A paper authored by two Edison Electric Institute (EEI) managers questions the environmental advantages often attributed to distributed generation.
“While DG systems can produce fewer emissions and are cleaner than older central-station power generation, state environmental regulators are starting to focus on DG emissions,” say Louis Harris, manager of retail restructuring policy for EEI and Steven Rosenstock, manager of energy solutions. “There also may be local regulators, especially in those cities classified as nonattainment areas by the Environmental Protection Agency (EPA) that could become more involved as more DG is used.”
The paper notes that at least 90 percent of back-up onsite generation units run on diesel fuel. According to a report published late last year by the Renewable Energy Policy Project (REPP), there were 667,626 diesel generators in the United States in 1998, with a total generating capacity of 108,797 MW. At an annual growth rate of 1.7 percent, according to the report, this number could reach 127,500 MW in 2010.
Yet, say the authors, diesel generators have the highest emissions of any fossil- fueled power plant by far, according to REPP’S Virinder Singh. These generators released nearly 300,000 tons of nitrogen oxides (according to 1996 statistics); overall NOx emissions from fossil-fueled power plants in 1999, according to EPA, were 5.715 million tons. A report by James Lents and Juliann Allison of the University of California, Riverside, confirms that diesel DG systems consistently had the highest emission factors in terms of lb/kWh generated. Lents and Allison compared emission factors for various DG technologies with those of combined-cycle gas turbine systems (CCGT). The CCGT systems had the lowest or second- lowest emission factor for many of the emissions listed. (Only the proton exchange membrane – or direct – fuel cell, which showed 0.00000 values for some emissions, had lower values).
On the other hand, comparing emissions between a natural gas-based DG system and a coal-based plant reveals that the former releases fewer. But gas-based DG functions primarily at peak, while a coal-based plant is used for baseload operations. Currently DG capacity comes at a high cost, while coal generators have very low operating costs: Without major improvements to DG technology, baseload coal power plants will continue to be more economical and efficient.
The EEI paper states that a more meaningful and realistic comparison is to be made between all DG systems and peaking power plants, which are likely to be single-cycle turbines using natural gas or oil. The differences in emissions between gas turbines and gas DG technologies are small. According to the report, newer central-station power plants are usually more efficient than fossil-fueled DG, even considering a reduction in transportation losses. CCGTS typically convert 55-57 percent of the fuel into electricity, while newer technologies are projected to achieve a 60 percent efficiency. Lents and Allison show that fossil fuel-based DG systems convert only 27-44 percent of their fuel into electricity: Of the various technologies, only diesel internal combustion engines are higher than 40 percent. In a draft report released in November 2001, the Regulatory Assistance Project reports similar efficiency values – only solid oxide fuel cells pierce the 40 percent efficiency mark, while microturbines come in last.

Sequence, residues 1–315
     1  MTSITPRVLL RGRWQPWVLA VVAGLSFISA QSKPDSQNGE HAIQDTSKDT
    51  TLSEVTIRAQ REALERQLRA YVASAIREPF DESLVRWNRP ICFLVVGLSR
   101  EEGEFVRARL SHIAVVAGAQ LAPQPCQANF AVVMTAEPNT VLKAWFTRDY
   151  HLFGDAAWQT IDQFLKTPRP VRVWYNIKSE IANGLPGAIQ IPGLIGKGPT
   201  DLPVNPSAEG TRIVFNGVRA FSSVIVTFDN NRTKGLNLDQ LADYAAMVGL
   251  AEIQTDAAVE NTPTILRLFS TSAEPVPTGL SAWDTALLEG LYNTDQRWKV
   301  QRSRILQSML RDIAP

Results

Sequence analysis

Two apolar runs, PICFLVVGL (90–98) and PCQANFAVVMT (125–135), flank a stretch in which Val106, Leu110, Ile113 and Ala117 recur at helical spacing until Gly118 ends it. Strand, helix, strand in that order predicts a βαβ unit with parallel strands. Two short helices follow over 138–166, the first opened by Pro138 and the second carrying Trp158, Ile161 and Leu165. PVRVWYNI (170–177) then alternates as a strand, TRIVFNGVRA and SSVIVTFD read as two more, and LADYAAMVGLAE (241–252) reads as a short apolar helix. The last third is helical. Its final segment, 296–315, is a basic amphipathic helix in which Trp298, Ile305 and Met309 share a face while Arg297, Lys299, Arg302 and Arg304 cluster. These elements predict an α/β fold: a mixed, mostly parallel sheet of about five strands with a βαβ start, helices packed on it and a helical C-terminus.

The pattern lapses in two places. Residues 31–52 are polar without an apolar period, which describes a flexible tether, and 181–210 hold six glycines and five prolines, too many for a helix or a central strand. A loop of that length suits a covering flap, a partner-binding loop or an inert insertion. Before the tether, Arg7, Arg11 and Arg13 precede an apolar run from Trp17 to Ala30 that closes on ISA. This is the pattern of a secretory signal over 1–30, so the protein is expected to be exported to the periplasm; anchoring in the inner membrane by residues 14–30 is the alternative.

Reusing industrial heat for power generation improves the environmental performance of all fossil-fueled DG, but by how much depends on the situation. When combined with the latest DG technologies, CHP will have an impressive air quality and efficiency advantage over the stand- alone system. Whether this is enough to surpass the efficiency of baseload generation depends on many factors, including whether the customer’s need for heat and electricity occurs at the same time, whether the efficiency and emissions of the generation are supplanted, and when the facility operates.
The paper concludes that, in the final analysis, when air pollution issues are considered, only the lowest-emitting DG system with significant waste heat recovery is even marginally competitive with combined-cycle power production. In the U.S., nuclear energy, hydroelectric, wind, and solar central station systems provide more than 30 percent of the electricity needed-emissions-free. Adding DG into the generation portfolio will improve air quality most significantly only if it substitutes for new or existing fossil-fueled generators.